Yes. I wanted to see Gorbals and I knew that I was the only person that had the opportunity to do it.

You must take a lot of pride in that. You are effectively restoring lost works of art.
One of the best things that I ever did here was to restore Dante [Frederick Ashton’s Dante Sonata, his response to the outbreak of World War II]. Getting Dante back in at least 95% of the way it was created by Ashton was the same as saving a lost masterpiece. Here was a work that book-ended with Symphonic Variations: one coming right at the beginning of the war and the other at the very end.

We’re up against the problem that those who can remember these ballets are going. Gorbals was plausible only because we had a handful of people who had been in it. Although when we got them together and asked what they could remember – apart for Pauline Clayden and her two-minute “suicide” solo – they couldn’t remember a step! But, then everyone looked at each other and said: “Well, there weren’t many steps in it anyway”! And, of course the point of Gorbals was not the steps but the sense of theatre.


The other thing about Gorbals is that it restores Helpmann to British Ballet.
Yes. His centenary [in 2009] went by without much fuss. I ‘phoned the Royal Ballet and asked if they still had his Hamlet [1948] because I was really interested in that but they had got rid of it, which is really not forward-thinking at all. If you want to eradicate ballets then there are plenty that can be got rid of but a heritage ballet like that with those great designs? I would certainly have kept that.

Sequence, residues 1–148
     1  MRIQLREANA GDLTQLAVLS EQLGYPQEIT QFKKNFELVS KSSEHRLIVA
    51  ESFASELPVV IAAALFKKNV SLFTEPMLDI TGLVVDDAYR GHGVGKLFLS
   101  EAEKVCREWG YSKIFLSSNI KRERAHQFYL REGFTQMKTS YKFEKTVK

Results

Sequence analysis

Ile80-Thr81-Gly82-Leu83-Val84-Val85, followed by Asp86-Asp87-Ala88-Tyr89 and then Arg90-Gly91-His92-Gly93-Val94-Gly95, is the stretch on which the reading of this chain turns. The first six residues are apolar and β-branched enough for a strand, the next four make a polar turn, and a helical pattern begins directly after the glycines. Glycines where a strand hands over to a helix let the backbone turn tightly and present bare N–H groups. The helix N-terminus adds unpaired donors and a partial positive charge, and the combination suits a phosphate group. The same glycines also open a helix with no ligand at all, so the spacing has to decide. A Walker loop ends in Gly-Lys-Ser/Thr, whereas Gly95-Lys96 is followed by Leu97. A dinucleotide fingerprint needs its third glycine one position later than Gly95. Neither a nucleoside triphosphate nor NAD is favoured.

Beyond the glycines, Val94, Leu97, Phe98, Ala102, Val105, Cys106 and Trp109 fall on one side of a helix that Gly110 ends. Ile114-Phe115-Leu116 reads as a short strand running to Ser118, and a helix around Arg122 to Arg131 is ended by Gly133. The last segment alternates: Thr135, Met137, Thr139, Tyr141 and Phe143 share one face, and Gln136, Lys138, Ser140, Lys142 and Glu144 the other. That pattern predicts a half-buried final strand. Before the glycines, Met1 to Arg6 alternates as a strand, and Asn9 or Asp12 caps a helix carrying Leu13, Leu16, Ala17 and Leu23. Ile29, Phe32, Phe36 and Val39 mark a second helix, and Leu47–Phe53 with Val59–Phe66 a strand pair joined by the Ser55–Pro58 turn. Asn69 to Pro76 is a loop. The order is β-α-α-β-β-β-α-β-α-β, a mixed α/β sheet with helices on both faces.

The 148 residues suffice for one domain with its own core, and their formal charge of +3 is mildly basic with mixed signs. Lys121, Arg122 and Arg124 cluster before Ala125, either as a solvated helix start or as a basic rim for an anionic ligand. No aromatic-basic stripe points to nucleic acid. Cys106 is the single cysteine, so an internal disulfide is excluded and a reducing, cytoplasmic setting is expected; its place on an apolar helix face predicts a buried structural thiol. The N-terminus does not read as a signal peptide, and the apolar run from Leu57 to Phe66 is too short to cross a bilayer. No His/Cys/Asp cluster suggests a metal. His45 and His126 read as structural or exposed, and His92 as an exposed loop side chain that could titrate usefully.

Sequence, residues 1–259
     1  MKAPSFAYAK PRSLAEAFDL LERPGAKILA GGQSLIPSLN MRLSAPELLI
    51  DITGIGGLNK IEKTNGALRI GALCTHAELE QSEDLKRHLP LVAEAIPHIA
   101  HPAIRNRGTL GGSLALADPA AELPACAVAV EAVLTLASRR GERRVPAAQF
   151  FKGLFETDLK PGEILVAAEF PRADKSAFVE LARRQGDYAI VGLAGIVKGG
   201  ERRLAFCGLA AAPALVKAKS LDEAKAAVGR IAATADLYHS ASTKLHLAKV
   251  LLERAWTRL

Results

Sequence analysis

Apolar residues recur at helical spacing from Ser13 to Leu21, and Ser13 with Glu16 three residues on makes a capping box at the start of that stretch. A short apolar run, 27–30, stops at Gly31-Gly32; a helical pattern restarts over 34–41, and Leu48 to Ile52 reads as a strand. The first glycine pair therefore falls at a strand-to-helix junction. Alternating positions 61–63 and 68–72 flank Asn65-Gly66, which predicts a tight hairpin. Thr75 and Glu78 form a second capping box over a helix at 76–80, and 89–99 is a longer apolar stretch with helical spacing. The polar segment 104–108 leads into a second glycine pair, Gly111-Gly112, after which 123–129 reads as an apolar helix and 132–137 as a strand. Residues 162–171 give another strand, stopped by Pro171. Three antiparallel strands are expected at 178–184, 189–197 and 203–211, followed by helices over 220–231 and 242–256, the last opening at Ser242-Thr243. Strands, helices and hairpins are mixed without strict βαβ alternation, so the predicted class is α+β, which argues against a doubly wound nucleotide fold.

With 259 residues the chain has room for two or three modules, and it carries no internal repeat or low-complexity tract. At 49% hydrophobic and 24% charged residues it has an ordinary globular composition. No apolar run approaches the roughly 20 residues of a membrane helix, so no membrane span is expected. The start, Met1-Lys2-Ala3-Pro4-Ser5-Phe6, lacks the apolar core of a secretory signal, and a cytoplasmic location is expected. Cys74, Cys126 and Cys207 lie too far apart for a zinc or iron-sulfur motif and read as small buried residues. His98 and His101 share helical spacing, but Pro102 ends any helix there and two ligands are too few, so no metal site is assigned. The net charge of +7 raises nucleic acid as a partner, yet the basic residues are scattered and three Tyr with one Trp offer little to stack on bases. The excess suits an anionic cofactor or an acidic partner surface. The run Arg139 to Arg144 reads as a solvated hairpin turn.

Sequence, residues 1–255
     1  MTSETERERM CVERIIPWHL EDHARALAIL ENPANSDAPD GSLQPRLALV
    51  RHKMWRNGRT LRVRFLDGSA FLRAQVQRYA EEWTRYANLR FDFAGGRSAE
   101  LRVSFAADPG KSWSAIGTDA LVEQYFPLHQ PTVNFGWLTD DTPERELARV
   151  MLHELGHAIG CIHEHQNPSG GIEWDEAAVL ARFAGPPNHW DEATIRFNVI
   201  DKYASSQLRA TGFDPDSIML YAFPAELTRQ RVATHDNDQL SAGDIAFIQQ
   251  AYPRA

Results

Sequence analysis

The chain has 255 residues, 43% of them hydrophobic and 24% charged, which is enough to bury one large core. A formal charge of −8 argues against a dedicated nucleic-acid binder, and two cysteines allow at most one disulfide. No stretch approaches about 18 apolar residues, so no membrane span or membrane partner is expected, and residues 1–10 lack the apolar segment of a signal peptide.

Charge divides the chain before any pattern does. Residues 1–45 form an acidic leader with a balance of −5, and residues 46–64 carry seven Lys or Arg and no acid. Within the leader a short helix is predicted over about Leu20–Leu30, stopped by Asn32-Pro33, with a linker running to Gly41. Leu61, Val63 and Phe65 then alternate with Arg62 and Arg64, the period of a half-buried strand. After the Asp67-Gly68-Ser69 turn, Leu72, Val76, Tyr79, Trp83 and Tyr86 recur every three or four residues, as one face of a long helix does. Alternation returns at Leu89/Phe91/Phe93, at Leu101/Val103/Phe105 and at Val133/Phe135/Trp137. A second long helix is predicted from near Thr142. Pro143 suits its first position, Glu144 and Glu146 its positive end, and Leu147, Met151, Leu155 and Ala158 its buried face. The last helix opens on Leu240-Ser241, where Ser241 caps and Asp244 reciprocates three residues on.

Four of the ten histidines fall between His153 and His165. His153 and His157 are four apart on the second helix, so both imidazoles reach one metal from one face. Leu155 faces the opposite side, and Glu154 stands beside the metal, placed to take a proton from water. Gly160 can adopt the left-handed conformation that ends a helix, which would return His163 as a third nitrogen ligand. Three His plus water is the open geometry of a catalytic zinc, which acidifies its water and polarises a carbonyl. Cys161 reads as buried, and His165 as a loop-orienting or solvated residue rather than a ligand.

You’re pairing Carmina Burana with Serenade, which emphasises how carefully preserved is George Balanchine’s repertoire. Why haven’t we done the same with our great choreographers from the early part of the history of British Ballet (De Valois, Helpmann, Ashton, Howard). There’s a tradition there that is in serious danger of being lost, isn’t there…
One very important thing is to be sure that these things are done well. A lot of that is to do with the tradition of a company. I grew up doing Rendezvous, Checkmate, Rake’s Progress and many other ballets by those great choreographers. And we have never lost the tradition of those performances. Sometimes when I see some of the Ashton character stuff being done elsewhere it doesn’t work very well – it looks like 18 year-olds in elastic beards – whereas it’s second nature to us. We have always done it and we pass that on. When we do Fille [Frederick Ashton’s La Fille mal gardée] then I do the tips with the latest Widow Simone: because I performed the role and Ashton and [Michael] Soames rehearsed me. These ballets are in our living repertoire. They’re not dusted off and brought out every 20 years or so.


Madam was a huge inspiration to you. You first met her as a student?
I was always fascinated by her and by her ballets. Even when I came to the Royal Ballet School, I was aware of her work and early on in my schooldays, we were doing Satan’s solo from her ballet, Job, and I asked the teacher if we could take our socks and shoes off because I knew it was done barefoot.

So, there we were with our socks off learning the Satan solo and suddenly Madam’s face appeared at the window. I was 17 and I’d never spoken to her before. She was in her 80s but nonetheless still terrifying as she prowled around those corridors in Baron’s Court! She came in and said “it’s all wrong”! Then, she came over, took my hand and started teaching me it – me, not the class! It was like holding the hand of God. She ignored the rest of the class and just taught me the steps.


Were you terrified?
No, I was too interested in what she was saying! And I couldn’t believe that she had come across to me because I didn’t have a very good time at the Royal Ballet School. I can’t remember why she chose me but she just did. She had that instinctive thing of picking something out about someone and then they were “it”. She was like that with me for my entire career. But, she could also do the opposite. She could look at someone, take an instant dislike and be really vile towards them. I was fortunate to be one of those she took a shine to.


You have been linked to the job of directing The Royal Ballet so many times in the past. Is there anything about that job that still appeals to you or has that time been and gone?